But we’re not kidding anyone; the idea that really got my heart racing was the Haunted Mansion room proposal. WDW Magic quotes the survey as saying, “Come spend the night with a few of the happy haunts who play in an enchanted bedroom inspired by the Haunted Mansion. Rest atop the floating Doom Buggy beds with a couple of friendly spooks and watch glow-in-the-dark, cartoon-like footsteps mysteriously appear as the evening sets in. A sliding bookcase creates a hidden passage to the bathroom and is the perfect hiding place for a hitch-hiking ghost. Oversized furnishings with curvy lines and bright colors add to the whimsy in the room. Guests will delight in finding the hidden special effects that play up the merry, rather than scary, room ambiance.”

On the minus side, this mock-up reminds me more of Dr. Seuss than Master Gracey.  I guess I understand, though.  I mean, it probably isn’t a good idea to have your five-year-old wake up in the middle of the night and have Phineas, Gus, and Ezra staring at him from the edge of his bed.  And I love the hidden passage to the bathroom behind the bookcase.  What a marvelous touch!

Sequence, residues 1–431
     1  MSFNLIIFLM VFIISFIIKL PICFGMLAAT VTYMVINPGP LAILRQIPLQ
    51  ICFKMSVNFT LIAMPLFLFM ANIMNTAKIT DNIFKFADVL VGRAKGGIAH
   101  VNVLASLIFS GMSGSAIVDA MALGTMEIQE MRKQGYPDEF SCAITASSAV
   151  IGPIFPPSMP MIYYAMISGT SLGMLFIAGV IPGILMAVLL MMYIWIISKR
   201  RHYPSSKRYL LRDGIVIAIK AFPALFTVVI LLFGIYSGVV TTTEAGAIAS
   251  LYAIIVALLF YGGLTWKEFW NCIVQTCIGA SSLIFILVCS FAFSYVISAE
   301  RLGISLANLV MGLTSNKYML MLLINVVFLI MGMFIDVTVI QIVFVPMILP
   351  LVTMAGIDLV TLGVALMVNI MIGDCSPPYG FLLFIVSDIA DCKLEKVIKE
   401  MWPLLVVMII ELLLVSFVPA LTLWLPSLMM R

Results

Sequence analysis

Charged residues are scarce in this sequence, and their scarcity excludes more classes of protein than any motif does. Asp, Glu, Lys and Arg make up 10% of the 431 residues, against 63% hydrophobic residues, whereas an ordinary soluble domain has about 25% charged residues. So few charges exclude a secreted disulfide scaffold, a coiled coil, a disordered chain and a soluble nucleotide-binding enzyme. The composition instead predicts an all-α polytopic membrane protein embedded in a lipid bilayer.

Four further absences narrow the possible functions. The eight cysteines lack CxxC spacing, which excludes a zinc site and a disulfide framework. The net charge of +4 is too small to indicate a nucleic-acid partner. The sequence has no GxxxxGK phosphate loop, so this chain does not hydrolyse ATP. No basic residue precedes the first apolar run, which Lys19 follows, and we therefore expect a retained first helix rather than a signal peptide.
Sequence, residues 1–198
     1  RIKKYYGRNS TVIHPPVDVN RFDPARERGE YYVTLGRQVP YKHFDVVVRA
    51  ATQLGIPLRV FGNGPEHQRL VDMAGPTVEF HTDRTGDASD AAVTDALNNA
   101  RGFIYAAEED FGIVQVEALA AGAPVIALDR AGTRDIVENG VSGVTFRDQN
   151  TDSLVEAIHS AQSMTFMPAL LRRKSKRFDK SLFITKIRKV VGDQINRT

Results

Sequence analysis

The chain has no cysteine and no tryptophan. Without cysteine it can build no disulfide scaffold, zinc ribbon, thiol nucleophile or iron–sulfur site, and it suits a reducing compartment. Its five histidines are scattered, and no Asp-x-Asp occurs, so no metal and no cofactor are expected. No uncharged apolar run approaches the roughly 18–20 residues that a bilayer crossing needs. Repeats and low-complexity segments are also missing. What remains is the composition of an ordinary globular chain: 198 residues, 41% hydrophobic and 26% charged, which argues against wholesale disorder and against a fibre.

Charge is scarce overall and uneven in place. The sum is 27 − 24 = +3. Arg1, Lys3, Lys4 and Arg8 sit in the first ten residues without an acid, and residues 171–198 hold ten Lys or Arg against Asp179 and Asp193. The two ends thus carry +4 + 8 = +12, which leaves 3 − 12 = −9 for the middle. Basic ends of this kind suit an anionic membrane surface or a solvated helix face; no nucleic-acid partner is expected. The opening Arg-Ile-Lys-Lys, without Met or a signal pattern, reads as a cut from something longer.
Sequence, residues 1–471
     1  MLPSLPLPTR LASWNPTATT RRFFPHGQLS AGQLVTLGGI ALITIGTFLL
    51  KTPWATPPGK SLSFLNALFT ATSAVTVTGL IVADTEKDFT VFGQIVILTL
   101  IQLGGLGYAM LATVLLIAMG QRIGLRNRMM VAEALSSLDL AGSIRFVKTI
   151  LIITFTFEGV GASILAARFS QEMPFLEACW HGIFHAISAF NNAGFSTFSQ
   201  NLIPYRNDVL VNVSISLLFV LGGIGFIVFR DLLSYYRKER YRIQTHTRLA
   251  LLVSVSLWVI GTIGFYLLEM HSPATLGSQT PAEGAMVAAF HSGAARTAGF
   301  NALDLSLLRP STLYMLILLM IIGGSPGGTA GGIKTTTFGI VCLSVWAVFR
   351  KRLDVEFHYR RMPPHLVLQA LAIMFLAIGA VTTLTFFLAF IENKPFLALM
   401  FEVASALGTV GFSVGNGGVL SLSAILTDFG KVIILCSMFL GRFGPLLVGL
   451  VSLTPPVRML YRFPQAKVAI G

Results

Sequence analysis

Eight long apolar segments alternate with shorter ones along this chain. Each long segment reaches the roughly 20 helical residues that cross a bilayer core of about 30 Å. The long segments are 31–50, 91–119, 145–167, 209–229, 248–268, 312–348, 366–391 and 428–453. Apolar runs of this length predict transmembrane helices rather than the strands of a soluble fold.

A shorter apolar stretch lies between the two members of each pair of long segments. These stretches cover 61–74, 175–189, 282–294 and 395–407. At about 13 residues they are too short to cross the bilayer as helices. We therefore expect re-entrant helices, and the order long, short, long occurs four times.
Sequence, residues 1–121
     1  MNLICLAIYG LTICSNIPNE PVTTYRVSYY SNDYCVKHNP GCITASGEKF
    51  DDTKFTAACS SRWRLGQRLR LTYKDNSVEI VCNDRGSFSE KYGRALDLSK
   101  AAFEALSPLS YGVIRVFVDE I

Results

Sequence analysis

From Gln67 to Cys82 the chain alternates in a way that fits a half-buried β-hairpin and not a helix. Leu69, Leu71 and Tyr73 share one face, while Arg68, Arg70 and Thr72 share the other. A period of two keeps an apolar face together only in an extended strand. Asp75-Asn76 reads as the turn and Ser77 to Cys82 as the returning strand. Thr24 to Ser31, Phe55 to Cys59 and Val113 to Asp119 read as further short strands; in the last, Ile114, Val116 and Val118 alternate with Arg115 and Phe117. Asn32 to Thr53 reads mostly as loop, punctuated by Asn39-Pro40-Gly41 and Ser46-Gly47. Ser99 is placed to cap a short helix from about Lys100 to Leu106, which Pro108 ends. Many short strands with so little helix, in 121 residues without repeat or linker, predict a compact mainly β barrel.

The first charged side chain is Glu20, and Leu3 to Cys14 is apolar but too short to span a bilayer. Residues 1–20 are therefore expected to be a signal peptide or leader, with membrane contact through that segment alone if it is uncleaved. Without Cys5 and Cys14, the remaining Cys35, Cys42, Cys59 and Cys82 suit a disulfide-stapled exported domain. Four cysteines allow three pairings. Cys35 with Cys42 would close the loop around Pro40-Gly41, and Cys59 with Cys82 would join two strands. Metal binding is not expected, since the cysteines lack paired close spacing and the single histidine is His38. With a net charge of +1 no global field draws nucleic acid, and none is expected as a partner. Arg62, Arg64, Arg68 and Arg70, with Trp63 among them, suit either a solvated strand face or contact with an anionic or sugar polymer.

Of course, there are many unanswered questions, like: What would the cost beHow many of these rooms would be available?  And where would these rooms go?  This is entirely speculation on my part, of course, but I would think the pricing would be similar to that of the Pirate rooms at Caribbean Beach.  In other words, about $30 more per night than a regular moderate room.  I have no idea how many of these rooms Disney would create, but if I were Disney, I’d make as many of the Haunted Mansion rooms as the Royal, Pirate, and Nemo rooms combined.  I have a feeling they will be very popular.